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Transcript
Candice Frazier
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§112.7. Science, Grade 5
(4)Science is a way of learning about the natural world.
Students should know how science has built a vast body of
changing and increasing knowledge described by physical,
mathematical, and conceptual models.
(8) Earth and space. The student knows that there are
recognizable patterns in the natural world and among the
Sun, Earth, and Moon system. The student is expected to:
(A) differentiate between weather and climate;
(B) explain how the Sun and the ocean interact in the
water cycle;
(C) demonstrate that Earth rotates on its axis once
approximately every 24 hours causing the day/night cycle
and the apparent movement of the Sun across the sky; and
(D) identify and compare the physical characteristics of
the Sun, Earth, and Moon.
I
will be teaching 5th graders about the solar
system. Going into this, I know that the solar
system is a challenging topic so I will do my
best to make it fun
 I will use different methods to teach them
about the solar system: Activities, Computer
learning games, and lectures.
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The four planets
closest to the sun—
Mercury, Venus,
Earth, and Mars—are
called the terrestrial
planets because they
have solid rocky
surfaces. The four
large planets beyond
the orbit of Mars—
Jupiter, Saturn,
Uranus, and
Neptune—are called
gas giants.
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The planet Mercury is the closest of the planets
to the Sun. Because this planet lies so close to
the Sun, and as a result somewhat near to the
Earth, it is visible to observers on Earth in the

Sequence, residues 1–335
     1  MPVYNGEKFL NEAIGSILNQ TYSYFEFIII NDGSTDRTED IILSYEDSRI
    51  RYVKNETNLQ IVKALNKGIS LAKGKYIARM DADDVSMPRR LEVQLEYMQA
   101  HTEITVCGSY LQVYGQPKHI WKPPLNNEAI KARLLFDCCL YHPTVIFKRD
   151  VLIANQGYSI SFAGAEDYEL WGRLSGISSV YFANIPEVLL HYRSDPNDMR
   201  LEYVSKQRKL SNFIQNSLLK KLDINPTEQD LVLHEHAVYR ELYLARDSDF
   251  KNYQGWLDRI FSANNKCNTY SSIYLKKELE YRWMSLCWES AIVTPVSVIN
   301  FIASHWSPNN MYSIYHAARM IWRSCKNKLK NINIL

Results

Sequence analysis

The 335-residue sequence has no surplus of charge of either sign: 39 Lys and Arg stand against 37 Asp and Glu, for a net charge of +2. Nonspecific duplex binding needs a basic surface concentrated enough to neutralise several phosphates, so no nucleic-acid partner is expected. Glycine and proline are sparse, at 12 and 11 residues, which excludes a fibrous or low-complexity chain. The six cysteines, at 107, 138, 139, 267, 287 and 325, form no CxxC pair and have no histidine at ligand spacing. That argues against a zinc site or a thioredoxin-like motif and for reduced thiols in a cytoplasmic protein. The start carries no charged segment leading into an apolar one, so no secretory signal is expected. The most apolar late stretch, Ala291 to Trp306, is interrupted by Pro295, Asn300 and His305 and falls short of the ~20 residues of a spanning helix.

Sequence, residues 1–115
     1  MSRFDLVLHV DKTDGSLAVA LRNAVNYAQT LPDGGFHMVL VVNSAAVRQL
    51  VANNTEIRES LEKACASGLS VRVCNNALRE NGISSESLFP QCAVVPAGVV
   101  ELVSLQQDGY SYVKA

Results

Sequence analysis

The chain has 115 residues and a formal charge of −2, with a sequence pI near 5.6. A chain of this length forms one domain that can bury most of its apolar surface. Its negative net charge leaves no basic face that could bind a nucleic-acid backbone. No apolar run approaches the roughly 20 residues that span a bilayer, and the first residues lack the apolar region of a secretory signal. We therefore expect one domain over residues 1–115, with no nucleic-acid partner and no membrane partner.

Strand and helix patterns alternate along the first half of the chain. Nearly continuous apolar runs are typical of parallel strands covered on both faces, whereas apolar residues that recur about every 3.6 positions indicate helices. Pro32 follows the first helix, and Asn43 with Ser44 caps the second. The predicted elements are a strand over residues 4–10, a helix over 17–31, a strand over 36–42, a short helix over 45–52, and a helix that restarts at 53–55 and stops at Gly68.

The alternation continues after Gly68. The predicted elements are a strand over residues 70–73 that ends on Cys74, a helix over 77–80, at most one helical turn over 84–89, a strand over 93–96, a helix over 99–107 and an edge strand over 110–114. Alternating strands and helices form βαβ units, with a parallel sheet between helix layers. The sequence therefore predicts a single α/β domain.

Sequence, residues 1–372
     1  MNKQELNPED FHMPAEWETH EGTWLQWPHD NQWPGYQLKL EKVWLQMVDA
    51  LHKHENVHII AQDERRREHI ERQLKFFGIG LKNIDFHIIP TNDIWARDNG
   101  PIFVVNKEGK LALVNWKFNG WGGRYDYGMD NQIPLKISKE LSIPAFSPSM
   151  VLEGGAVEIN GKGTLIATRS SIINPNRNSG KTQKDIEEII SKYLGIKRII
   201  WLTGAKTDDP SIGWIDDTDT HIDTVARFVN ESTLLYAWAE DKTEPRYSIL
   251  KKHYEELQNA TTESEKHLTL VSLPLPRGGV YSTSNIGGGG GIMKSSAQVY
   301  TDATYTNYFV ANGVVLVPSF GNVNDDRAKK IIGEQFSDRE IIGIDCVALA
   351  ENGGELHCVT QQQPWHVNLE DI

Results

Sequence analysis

night time sky. Because of this, Mercury has
become apart of the mythology and legend of
almost every culture throughout the history of
the Earth.
This planet is often called a morning star. This is
because Mercury shines brightly in the early
morning, just before the sun rises. It has also
been called an evening star for the same reason.
Mercury often is visible for a brief period of time
just after the Sun sets.
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The planet Venus has long been one of the most
misunderstood of all the inner planets. Like the
Earth, Venus has an atmosphere. However, this
atmosphere is far thicker than that of the Earth,
making it difficult for modern science to
penetrate.
Because we cannot see the surface of the planet
Venus visually, there is much we still do not
know about how this planet looks, and what it is
like. However, using special instruments and
probes scientists have in recent years unlocked
many of the secrets long hidden by this
mysterious world.
 Mars
excites scientists because its mild
temperament is more like the Earth's than
any of the other planets. Evidence suggests
that Mars once had rivers, streams, lakes,
and even an ocean. As Mars' atmosphere
slowly depleted into outer space the surface
water began to permanently
evaporate. Today the only water on Mars is
either frozen in the polar caps, or
underground.
 Continue
with the rest of the planets and
information about them.
 Have
students go to the website:
http://www.kidsastronomy.com/fun/orbitsV3
.swf
 They will be able to build their own Solar
System there.
 Have
Students go to the website:
http://www.kidsastronomy.com/solar_syste
m.htm
 There, they will be able to click on the
different planets and it will bring up an
endless source of information about the
different planets, along with the solar system
itself.
 Games included on the website
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Supplies needed: A round
piece of cardboard about
1 ft across (the cardboard
from a frozen pizza works
well)
Lots of colors of oak tag
(or construction paper)
Scissors
Tape
String
Pencil, crayons, or
markers
A compass (for making
circles)
 Have
them write a paper about the Solar
System. They can pick one planet to
specifically write about.
 List the planets in order.
 Have a class discussion on what they learned
overall about the Solar System.
 Go over the Solar System Model they made
and the different websites that taught them
about the Solar System and discuss what they
gained from all the activities.
 http://science.nationalgeographic.com/scie
nce/space/solar-system
 http://www.kidsastronomy.com/fun/orbitsV3
.swf
 http://www.kidsastronomy.com/solar_syste
m.htm
 http://www.enchantedlearning.com/crafts/a
stronomy/solarsystemmodel/